Auckland Uni forges links with Japanese tech research body

The University of Auckland’s commercialisation arm, Auckland UniServices has teamed up with Japan’s National Institute of Advanced Industrial Science and Technology (AIST) to develop technology innovation opportunities, a move it says will benefit New Zealand entrepreneurs and researchers

The two bodies have signed an MoU that, according to the university, will enable them to significantly increase technological cooperation in robotics, artificial intelligence (AI), advanced materials, and energy, and build a framework for close cooperation between students and joint research projects.

Auckland UniServices chief executive Dr Andy Shenk said AIST would provide experience and contacts in the Japanese market that would give NZ entrepreneurs an edge when trying to leverage opportunities in Japan and other international markets.

“The exchange of knowledge will undoubtedly develop ground-breaking technology products that will create jobs and multi-million-dollar revenues for both nations,” he said.

“We were particularly keen to partner with AIST as they share a similar vision to UniServices in creating new technologies that not only improve the economy but also build a more sustainable and eco-friendly society.”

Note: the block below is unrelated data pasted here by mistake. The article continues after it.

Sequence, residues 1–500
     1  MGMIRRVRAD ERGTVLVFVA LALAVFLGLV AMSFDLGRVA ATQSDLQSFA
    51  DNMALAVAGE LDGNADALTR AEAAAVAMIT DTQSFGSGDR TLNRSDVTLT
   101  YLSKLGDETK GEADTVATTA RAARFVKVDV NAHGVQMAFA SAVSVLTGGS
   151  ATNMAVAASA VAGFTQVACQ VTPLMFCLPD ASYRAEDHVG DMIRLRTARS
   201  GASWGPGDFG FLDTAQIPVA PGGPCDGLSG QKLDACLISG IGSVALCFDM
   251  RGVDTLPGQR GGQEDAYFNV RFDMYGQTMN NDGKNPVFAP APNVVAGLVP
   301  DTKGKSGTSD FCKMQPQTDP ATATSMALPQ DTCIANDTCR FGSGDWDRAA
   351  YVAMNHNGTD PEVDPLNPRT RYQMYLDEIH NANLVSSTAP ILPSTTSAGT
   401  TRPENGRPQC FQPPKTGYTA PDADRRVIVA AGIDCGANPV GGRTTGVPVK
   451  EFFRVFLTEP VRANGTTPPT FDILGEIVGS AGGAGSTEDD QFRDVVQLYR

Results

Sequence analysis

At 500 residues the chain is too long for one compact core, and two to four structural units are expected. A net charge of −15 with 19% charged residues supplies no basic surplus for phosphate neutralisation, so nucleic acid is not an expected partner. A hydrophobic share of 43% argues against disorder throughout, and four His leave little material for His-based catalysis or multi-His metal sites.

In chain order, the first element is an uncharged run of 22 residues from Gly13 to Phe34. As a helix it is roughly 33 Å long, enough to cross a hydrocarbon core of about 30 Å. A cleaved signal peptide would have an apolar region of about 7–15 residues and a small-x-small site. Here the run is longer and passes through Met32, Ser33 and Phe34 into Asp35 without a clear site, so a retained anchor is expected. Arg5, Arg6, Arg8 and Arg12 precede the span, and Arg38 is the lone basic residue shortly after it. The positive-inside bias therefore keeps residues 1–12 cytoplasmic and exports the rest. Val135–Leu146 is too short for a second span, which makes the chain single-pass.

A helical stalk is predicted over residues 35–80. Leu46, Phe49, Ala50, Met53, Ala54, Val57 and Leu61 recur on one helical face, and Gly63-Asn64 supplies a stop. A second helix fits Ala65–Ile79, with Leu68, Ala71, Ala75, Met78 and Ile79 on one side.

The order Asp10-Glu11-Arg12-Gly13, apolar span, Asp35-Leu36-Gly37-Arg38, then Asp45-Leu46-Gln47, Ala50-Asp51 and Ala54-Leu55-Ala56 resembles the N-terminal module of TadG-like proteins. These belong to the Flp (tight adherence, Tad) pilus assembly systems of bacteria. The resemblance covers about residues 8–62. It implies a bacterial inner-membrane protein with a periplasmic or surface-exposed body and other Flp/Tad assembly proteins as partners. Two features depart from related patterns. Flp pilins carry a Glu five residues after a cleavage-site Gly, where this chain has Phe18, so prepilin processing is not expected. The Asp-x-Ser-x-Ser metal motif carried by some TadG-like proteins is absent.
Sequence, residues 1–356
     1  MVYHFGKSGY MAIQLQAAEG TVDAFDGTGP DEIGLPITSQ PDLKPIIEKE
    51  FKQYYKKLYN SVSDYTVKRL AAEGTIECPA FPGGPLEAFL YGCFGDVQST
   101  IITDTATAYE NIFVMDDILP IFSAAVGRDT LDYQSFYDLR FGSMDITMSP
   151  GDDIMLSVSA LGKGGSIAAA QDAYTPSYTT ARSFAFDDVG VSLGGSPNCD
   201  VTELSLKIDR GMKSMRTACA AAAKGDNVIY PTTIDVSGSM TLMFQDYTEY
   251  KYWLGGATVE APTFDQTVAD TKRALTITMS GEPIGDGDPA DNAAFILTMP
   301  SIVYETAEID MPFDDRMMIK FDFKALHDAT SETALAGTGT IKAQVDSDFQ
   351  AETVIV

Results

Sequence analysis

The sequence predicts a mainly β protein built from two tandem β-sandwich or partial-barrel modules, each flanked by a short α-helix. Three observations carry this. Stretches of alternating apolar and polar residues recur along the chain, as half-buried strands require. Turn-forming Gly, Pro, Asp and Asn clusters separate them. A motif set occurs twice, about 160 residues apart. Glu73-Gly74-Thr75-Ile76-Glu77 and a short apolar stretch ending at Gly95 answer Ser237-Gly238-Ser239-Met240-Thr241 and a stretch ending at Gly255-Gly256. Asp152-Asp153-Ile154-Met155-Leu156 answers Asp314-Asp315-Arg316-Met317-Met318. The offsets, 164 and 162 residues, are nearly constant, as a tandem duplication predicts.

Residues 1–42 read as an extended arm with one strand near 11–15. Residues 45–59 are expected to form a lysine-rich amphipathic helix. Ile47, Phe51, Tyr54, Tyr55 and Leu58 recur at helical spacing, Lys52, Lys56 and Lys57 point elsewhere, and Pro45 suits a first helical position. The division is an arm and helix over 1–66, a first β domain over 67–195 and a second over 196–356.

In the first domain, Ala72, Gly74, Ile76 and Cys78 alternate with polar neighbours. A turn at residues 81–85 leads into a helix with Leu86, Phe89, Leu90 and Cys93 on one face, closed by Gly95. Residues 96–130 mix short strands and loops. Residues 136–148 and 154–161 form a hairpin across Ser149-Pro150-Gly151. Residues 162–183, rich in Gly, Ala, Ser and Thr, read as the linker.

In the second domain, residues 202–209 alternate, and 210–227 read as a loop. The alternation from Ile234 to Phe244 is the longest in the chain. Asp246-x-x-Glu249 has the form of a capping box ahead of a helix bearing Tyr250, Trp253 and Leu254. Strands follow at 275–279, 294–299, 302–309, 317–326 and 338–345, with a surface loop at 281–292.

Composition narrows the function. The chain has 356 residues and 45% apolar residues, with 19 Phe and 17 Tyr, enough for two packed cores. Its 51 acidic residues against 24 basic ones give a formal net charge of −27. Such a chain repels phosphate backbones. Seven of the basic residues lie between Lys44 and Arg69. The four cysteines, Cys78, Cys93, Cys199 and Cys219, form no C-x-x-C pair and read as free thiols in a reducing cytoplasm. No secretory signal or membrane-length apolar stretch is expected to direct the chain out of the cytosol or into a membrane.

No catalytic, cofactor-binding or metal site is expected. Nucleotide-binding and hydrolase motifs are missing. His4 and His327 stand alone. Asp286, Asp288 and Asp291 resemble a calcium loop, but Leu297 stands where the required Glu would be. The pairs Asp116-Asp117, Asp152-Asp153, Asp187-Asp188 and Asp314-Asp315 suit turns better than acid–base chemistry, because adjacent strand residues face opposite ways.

UniServices claims to work on some 1,200 projects with more than 300 New Zealand and global firms annually and, in 2018, to have generated new research contracts worth $169.4 million, executed more than 84 patent licences and created 11 businesses to commercialise university research. Its spin-out companies have raised about $148 million in the last five years.

AIST, according to its website, is one of the largest public research organisations in Japan. It focuses on the creation and practical realisation of technologies useful to Japanese industry and society, and on bridging the gapbetween innovative technological seeds and commercialisation.

It has about 2000 researchers spread across 11 research bases, around 30 “comprehensive MoUs” with organisations in multiple countries and a similar number of “specific” MoUs. The latter list includes an MoU with New Zealand Crown Research Institute GNS Science, which claims to be New Zealand's leading provider of earth, geoscience and isotope research and consultancy services.

Copyright © 2019 IDG Communications, Inc.

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